I'm not sure whether it was the influence of the new Museum of Ice Cream or this photography exhibition devoted to the sweet treat, but ice cream seemed to be having a moment this summer.  This in turn trickled over into the beauty world:  not only were there a plethora of ice cream themed beauty products and ads, some intrepid artists decked out their faces in sweet, melty ice cream makeup. Obviously this isn't "natural" makeup, but you have to admit these looks are pretty creative.

Ice cream inspired beauty

  1. Cake Beauty popsicle sponges
  2. Channing Carlisle (@makeupbychanningjudith)
  3. @dupeblack
  4. Pai Pai ad
  5. Etude House Dear Darling Water gel tints (I ordered these literally a month ago from yesstyle.com specifically for this post and they still haven't arrived!  Grrr!)
  6. @beetotheo

There were a few other fairly new ice cream inspired things that were just too cute not to buy for the Museum.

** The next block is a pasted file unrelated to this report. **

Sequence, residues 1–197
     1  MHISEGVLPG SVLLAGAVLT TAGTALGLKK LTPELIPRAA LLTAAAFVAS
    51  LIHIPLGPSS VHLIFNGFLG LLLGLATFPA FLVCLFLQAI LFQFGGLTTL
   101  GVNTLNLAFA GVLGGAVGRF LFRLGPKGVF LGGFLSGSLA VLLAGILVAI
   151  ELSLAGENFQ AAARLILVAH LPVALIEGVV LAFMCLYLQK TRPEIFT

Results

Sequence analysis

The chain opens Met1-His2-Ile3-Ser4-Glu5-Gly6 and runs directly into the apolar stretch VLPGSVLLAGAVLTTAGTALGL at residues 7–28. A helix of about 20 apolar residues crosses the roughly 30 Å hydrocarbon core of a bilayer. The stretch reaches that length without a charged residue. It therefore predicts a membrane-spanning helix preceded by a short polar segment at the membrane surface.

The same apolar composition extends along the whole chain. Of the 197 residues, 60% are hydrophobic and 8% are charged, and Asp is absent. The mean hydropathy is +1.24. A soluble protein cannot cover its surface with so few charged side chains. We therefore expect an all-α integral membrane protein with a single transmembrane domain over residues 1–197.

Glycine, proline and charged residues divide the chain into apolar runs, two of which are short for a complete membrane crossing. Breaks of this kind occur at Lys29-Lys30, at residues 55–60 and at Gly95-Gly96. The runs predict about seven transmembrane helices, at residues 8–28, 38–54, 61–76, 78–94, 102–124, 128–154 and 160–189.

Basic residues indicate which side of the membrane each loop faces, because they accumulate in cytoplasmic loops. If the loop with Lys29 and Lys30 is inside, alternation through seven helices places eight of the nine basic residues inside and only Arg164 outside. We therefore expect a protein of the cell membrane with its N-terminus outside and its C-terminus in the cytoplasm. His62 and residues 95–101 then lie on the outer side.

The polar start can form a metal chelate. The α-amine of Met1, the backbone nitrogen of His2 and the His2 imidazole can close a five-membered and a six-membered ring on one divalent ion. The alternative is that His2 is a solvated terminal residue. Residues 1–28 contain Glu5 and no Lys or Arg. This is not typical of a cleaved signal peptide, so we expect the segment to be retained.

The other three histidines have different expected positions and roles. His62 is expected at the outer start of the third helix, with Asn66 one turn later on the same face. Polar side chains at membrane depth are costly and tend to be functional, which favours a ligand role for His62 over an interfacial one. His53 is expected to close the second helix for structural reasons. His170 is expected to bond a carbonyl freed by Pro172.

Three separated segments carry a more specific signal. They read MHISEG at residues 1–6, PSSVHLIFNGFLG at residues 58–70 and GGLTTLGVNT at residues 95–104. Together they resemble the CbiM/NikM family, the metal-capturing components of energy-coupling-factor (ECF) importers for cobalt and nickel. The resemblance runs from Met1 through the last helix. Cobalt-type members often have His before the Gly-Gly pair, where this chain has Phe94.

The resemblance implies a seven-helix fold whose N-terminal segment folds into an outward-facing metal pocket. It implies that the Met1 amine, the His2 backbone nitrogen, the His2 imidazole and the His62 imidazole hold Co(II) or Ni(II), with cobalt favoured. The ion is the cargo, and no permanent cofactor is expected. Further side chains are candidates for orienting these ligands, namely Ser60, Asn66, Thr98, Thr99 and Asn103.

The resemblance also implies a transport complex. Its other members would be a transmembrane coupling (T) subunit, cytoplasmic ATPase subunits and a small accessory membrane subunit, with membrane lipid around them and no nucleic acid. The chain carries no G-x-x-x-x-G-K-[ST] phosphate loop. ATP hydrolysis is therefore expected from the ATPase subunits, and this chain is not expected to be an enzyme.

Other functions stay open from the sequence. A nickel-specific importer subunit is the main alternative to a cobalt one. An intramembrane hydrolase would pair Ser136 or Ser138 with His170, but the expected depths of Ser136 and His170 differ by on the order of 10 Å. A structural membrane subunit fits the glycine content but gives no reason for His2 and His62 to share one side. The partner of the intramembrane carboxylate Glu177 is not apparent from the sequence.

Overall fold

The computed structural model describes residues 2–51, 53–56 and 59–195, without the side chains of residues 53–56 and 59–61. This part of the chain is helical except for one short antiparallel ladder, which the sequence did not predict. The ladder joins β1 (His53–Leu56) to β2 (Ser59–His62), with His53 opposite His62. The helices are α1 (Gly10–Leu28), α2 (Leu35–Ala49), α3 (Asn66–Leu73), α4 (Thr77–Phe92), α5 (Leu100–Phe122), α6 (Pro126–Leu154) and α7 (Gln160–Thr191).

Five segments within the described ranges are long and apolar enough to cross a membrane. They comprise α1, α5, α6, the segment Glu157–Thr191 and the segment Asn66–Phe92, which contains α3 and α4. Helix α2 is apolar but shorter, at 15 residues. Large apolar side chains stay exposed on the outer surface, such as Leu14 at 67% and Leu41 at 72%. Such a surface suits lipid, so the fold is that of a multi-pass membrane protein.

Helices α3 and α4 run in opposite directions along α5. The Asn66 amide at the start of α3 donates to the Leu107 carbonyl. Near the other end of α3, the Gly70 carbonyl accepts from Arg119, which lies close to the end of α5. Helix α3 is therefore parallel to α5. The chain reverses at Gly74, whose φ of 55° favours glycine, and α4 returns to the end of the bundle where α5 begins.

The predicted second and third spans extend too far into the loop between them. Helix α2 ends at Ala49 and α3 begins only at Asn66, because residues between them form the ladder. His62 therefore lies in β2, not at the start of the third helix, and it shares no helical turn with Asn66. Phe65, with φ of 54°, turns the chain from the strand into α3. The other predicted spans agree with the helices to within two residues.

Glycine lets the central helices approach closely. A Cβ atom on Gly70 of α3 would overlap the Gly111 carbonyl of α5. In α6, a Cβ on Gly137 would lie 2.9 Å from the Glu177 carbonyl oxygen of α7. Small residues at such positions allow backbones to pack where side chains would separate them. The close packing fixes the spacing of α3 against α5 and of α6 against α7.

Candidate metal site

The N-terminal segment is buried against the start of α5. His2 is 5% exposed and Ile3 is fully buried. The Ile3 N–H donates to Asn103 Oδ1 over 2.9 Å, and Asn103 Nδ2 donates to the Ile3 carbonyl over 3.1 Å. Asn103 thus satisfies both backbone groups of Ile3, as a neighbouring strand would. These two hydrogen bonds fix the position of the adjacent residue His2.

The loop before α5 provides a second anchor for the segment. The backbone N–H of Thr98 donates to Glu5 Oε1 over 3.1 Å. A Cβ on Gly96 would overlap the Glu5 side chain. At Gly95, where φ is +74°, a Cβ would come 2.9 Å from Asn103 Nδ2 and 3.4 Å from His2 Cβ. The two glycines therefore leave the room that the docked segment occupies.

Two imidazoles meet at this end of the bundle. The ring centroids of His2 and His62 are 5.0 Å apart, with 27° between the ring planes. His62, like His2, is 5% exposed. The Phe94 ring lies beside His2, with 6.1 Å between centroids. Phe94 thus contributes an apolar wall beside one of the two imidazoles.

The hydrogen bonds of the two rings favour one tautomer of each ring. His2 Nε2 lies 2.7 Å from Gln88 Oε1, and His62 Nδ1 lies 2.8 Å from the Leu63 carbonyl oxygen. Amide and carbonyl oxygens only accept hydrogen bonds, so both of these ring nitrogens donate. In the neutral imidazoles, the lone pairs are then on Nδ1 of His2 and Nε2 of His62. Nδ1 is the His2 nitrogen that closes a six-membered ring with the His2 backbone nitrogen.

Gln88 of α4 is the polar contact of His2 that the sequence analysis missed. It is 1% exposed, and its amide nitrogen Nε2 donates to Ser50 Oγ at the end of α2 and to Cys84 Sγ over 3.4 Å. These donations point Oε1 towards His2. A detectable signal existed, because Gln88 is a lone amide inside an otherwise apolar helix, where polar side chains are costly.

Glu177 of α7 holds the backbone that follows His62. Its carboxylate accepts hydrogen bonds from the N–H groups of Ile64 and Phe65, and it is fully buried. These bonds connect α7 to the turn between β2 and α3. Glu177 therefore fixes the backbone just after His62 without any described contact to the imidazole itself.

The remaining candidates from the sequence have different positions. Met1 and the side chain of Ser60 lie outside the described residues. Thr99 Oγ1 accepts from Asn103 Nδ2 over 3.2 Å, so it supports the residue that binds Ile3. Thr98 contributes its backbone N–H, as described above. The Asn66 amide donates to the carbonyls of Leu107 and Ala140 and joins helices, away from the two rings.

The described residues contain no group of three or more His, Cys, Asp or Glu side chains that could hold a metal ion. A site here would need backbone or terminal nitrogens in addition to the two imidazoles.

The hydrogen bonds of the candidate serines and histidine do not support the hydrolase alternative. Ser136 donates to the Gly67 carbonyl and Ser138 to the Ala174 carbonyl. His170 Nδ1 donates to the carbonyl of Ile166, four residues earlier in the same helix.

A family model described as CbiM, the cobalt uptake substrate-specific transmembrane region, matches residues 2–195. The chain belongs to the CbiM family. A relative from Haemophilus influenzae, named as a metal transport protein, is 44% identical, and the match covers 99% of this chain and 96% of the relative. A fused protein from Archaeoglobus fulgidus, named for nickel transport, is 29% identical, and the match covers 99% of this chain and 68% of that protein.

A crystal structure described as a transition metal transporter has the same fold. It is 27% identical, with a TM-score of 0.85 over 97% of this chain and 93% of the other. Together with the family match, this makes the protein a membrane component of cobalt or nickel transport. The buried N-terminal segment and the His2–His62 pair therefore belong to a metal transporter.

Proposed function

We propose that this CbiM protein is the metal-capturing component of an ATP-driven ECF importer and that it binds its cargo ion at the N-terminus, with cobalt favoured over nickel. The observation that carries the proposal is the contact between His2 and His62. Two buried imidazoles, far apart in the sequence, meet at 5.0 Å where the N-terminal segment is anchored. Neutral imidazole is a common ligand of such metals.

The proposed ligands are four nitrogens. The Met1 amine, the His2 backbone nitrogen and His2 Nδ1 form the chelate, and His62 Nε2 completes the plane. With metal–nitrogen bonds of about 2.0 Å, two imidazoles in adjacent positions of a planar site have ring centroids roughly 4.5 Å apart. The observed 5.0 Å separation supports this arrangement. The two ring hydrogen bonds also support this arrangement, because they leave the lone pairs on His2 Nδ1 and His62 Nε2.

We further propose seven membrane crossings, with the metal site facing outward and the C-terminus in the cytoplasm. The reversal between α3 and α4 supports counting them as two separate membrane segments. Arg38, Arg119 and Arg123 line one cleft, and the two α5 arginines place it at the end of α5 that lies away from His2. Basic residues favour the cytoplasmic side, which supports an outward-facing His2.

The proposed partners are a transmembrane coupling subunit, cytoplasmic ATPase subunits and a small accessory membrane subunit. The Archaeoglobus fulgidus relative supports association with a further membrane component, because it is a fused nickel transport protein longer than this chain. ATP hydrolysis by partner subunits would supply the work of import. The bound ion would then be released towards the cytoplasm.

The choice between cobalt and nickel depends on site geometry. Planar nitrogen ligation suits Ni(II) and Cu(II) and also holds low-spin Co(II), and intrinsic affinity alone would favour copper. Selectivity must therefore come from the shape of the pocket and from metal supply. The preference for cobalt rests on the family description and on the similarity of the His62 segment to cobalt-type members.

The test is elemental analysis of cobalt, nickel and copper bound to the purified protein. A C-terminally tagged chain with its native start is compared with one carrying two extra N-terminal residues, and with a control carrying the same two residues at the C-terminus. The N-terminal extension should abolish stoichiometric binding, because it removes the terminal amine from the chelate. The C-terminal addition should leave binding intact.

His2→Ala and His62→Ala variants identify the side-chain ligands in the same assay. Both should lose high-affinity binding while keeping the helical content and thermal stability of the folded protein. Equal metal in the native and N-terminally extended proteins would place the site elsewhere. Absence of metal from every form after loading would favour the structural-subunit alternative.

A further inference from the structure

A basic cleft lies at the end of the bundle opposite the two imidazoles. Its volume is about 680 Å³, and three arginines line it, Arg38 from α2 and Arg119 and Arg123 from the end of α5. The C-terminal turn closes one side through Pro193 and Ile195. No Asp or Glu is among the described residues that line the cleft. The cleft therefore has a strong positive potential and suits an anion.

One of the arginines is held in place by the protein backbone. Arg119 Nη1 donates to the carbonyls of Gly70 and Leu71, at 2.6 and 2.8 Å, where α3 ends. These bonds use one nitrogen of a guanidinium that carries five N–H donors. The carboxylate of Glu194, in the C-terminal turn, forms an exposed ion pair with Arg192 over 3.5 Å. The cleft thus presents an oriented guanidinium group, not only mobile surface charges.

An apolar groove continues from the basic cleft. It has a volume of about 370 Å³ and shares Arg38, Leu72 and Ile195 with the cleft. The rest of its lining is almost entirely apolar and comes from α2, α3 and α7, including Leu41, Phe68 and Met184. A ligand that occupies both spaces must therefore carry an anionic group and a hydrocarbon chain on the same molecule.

Trifle Cosmetics Praline Palette

Winky Lux lip gloss and Bath and Body Works hand cream

And so the newer items wouldn't get lonely, I scooped up (sorry, couldn't resist) the Stila ice cream collection from their 20th anniversary, along with some vintage Avon lip glosses.

I didn't think much of these at the time they were released, but in hindsight I've realized they're worth having in the Museum.

Stila ice cream trios

Stila ice cream blushes

Stila sweet shoppe lip glaze trio

These Avon lip glosses date back to the early 70s, I believe.

Avon ice cream lip glosses

Avon ice cream lip glosses

I better get going and put this stuff away before Museum staff discovers it...if you've been following me on Instagram you know they got into my LUSH shower jellies thinking they were jams.  They'd definitely mistake these for the real deal!

 


Book review: Cosmetics and Perfumes in the Roman World